Mood, motives, and gambling in young adults: An examination of within- and between-person variations using experience sampling

Abstract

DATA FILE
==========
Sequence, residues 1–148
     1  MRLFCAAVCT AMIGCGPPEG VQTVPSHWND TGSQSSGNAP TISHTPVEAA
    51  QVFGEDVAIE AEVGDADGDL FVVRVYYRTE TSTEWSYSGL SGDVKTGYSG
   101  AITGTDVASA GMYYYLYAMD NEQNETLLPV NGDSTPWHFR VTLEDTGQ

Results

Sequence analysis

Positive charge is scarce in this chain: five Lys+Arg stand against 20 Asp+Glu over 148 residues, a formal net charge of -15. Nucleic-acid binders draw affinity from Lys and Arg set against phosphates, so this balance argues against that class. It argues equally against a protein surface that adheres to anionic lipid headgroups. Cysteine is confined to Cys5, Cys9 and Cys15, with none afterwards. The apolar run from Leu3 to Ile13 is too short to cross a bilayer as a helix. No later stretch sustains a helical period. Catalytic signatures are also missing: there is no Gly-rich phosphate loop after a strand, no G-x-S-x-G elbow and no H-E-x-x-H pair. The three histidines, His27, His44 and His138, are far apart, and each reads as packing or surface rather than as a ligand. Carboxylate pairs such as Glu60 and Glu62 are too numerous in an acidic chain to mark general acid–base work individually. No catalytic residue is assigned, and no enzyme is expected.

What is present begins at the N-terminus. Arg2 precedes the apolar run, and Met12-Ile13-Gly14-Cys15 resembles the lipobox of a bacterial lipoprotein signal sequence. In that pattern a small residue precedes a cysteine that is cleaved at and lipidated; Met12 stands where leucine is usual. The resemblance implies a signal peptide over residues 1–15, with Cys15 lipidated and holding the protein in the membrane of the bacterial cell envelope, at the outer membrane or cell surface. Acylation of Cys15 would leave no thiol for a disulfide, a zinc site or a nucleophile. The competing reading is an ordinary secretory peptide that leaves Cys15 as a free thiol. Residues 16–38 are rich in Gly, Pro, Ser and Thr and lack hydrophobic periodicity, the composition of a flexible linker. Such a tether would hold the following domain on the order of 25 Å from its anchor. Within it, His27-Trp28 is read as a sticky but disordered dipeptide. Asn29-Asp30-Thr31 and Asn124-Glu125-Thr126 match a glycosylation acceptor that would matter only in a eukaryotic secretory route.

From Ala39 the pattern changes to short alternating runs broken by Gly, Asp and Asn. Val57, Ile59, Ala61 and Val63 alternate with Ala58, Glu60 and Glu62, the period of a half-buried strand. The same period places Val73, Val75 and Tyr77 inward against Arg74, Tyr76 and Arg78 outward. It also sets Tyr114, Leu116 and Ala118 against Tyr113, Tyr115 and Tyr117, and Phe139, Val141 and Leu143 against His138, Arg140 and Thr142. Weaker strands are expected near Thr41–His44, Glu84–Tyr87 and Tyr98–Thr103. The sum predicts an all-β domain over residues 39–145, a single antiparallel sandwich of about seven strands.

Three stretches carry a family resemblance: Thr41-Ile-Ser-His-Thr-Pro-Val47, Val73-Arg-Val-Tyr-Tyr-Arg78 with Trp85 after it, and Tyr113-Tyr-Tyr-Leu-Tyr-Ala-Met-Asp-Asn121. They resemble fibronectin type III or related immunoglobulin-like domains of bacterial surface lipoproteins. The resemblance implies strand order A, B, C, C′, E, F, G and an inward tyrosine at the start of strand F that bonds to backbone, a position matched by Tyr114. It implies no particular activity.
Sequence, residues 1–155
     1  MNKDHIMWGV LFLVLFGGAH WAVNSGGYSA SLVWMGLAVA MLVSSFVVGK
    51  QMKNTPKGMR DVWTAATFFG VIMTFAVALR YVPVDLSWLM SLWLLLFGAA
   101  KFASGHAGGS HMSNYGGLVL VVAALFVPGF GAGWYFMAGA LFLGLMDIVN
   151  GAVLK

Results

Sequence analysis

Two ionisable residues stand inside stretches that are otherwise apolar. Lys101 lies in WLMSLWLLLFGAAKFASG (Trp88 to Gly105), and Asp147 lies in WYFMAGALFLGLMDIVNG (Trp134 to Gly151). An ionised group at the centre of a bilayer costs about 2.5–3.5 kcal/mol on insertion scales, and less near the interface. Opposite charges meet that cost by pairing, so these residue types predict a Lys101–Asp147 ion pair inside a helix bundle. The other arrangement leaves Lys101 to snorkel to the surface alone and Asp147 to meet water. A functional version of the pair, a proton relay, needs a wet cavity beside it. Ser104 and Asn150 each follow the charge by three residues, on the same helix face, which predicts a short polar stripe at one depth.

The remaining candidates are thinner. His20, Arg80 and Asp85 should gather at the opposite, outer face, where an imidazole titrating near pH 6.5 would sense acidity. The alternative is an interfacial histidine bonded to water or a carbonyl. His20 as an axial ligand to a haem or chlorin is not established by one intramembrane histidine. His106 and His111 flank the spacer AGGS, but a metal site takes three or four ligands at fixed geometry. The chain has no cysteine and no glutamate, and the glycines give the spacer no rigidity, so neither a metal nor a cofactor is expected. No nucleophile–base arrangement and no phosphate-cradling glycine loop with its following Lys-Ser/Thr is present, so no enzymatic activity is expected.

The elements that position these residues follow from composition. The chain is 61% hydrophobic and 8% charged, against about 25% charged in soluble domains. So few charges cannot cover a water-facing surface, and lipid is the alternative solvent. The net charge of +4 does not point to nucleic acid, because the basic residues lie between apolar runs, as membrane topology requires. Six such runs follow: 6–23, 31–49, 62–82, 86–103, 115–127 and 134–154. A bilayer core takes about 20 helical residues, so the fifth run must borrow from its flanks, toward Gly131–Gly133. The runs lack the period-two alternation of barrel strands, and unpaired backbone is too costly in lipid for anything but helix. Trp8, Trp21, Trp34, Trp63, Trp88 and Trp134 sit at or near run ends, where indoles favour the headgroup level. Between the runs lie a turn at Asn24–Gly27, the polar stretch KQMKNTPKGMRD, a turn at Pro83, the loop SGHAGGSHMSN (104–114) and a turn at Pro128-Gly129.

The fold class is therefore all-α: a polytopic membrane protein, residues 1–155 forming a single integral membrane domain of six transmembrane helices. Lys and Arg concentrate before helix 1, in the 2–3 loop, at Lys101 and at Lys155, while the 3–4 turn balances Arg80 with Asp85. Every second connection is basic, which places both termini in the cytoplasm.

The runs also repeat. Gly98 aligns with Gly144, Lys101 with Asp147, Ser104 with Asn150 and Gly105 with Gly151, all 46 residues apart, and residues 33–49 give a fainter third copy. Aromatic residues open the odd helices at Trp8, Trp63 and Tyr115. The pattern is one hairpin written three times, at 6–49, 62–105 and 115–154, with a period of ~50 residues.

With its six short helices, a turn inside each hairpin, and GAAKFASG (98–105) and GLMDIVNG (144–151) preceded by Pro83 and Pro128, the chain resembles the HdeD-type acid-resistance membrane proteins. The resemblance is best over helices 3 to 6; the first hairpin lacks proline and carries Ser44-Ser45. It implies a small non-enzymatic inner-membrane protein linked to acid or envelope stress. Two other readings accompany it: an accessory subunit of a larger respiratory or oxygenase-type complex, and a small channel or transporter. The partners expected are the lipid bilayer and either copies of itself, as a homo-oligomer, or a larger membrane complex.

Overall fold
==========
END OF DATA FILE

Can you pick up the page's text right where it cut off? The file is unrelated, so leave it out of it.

It is well established that young adults are a population at risk for problem gambling and that young adults gamble for various reasons, including positive mood enhancement and negative mood reduction. Although these motives have been identified as important proximal predictors of gambling, the research to date has focused on between-subjects relationships. What is missing is a process-level understanding of the specific within-subjects relations between mood-regulation motives for gambling, mood states, and gambling behaviors. The current study used experience sampling to assess the specific link between gambling motives, mood states, and gambling behavior. Participants were 108 young adults (ages 19-24 years), who completed baseline measures of gambling motives and gambling problems and then reported on their mood states and gambling behavior three times a day for 30 days. Multilevel modeling analyses revealed a significant positive moderating effect for enhancement motives on the relationship between positive mood and amount of time spent gambling and number of drinks consumed while gambling. In addition, problem gambling status was associated with consuming fewer drinks while gambling at higher levels of positive mood, and spending more money than intended at higher levels of negative mood. Unexpectedly, there was only one moderating effect for coping motives on the mood-gambling relationship; low coping motivated gamblers consumed more alcohol while gambling at higher levels of positive mood, whereas high coping motivated gamblers did not change their drinking in response to positive mood. The current findings highlight enhancement motives as risky motives for young adult gambling, particularly in the context of positive mood, and suggest that gambling interventions should include strategies to address positive mood management.

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